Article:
Fifty years pass—Nora has four grown children: John, a successful political consultant; Bridget, in a relationship and preparing for a baby; Brian, a former baseball player who has moved back in with Nora; and Patrick, Nora's favourite child, who is responsible for causing much heartache to those around him.  Estranged from Nora, Theresa lives in Vermont in a secluded abbey and is a practicing nun. 

After decades of not speaking, a death in the family forces the sisters to confront the choices they have made and each other.  This is a beautiful, sweeping novel about relationships, family, secrets, and sacrifice.  

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review 2017-04-05 01:48
The Good Earth
The Good Earth - Pearl S. Buck,Nick Bert... The Good Earth - Pearl S. Buck,Nick Bertozzi

A special thank you to Edelweiss and Simon & Schuster for an ARC in exchange for an honest review.

This graphic novel by Nick Bertozzi gives a makeover to Pearl S. Buck's 1931 Pulitzer Prize-winning classic about the rise and fall of Chinese villagers before WWI.  
Disclaimer: I didn't realize I was requesting a comic/graphic novel adaptation.  If I had realized this, I wouldn't have requested the title.  That being said, I was pleasantly surprised.  This actually works as a graphic novel and I think that it will put this classic willingly into the hands of the YA audience.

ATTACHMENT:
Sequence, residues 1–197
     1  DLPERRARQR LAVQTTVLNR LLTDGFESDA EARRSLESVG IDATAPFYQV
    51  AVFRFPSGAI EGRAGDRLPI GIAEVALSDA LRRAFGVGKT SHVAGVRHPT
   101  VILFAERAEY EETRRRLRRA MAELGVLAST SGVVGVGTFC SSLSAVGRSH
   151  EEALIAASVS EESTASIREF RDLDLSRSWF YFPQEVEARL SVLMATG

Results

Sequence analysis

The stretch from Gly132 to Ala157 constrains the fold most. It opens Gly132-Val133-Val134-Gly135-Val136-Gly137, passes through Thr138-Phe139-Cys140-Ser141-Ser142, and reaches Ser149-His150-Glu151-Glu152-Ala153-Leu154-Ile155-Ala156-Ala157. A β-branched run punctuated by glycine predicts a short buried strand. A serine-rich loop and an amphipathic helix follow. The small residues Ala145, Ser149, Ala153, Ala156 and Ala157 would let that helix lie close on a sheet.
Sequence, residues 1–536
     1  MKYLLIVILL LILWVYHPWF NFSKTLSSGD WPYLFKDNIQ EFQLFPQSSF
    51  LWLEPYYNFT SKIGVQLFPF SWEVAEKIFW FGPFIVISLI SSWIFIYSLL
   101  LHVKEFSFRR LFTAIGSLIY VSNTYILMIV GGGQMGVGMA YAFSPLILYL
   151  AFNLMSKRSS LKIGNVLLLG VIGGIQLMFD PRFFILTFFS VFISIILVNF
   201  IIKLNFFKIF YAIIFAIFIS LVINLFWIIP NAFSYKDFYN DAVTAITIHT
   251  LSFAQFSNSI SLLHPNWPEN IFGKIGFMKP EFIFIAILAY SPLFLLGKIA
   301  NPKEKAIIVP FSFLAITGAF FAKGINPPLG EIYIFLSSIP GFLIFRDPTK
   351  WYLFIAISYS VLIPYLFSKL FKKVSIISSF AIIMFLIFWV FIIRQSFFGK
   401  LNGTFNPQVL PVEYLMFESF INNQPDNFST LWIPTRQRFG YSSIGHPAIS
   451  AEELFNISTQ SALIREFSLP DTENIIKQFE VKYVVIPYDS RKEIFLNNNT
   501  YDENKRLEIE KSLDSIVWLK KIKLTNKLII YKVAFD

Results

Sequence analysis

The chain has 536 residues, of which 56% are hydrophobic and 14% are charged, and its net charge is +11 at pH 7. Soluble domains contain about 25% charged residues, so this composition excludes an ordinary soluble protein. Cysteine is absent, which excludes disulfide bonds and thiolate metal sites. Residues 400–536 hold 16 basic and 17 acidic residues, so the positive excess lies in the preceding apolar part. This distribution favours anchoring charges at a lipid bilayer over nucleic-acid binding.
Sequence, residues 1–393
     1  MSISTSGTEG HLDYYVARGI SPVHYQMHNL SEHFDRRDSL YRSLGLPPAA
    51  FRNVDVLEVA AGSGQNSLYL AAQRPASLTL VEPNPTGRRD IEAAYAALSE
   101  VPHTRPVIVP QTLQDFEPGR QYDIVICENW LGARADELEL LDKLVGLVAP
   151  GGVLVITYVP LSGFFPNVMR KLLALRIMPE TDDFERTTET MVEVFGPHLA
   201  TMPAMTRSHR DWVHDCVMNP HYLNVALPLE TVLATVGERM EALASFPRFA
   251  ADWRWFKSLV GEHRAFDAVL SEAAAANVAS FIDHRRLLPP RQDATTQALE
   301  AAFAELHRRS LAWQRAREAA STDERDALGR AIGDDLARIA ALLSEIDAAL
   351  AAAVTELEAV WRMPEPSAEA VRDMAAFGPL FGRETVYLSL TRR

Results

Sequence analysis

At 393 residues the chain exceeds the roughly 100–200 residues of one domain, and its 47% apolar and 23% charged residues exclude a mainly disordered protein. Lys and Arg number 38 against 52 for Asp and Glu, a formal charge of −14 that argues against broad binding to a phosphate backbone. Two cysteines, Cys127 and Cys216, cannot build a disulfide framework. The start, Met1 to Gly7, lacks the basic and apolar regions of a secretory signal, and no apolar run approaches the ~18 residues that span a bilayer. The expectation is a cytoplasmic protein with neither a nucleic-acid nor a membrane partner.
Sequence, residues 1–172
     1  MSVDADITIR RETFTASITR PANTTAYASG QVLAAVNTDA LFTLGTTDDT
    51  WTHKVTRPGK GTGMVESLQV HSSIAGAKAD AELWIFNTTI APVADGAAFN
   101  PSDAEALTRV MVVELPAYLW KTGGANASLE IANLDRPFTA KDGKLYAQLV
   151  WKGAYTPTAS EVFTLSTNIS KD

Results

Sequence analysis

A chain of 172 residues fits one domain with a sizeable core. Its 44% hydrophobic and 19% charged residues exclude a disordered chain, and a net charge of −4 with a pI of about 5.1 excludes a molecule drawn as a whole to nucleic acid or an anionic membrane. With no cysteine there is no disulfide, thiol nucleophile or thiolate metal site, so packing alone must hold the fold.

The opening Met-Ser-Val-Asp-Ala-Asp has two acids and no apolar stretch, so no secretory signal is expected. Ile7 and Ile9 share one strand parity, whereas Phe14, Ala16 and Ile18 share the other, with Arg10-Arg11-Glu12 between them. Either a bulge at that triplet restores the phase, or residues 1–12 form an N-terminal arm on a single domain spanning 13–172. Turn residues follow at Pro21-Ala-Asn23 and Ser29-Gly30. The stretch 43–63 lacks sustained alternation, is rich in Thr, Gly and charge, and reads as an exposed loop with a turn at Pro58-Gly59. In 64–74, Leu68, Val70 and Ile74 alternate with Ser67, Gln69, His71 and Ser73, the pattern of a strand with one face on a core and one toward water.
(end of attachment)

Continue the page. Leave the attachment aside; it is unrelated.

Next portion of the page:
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review 2017-03-31 14:19
Lucky Supreme (Darby Holland #1), by Jeff Johnson
Lucky Supreme: A Novel of Many Crimes - Jeff Johnson


From Jeff Johnson, a man who is quickly becoming one of my favorite authors, comes this noir-ish tale of theft, ball bearings, tattoo shops and gentrification. I loved it!


Set in Portland, Oregon, (with some forays down to the California coast), the city itself became a character. Old Town, one of the holdouts from the gentrification going on all around, was vividly drawn. A neighborhood with lots of rain and dilapidated buildings, but also with residents who, (with the proper motivation), will help protect their own.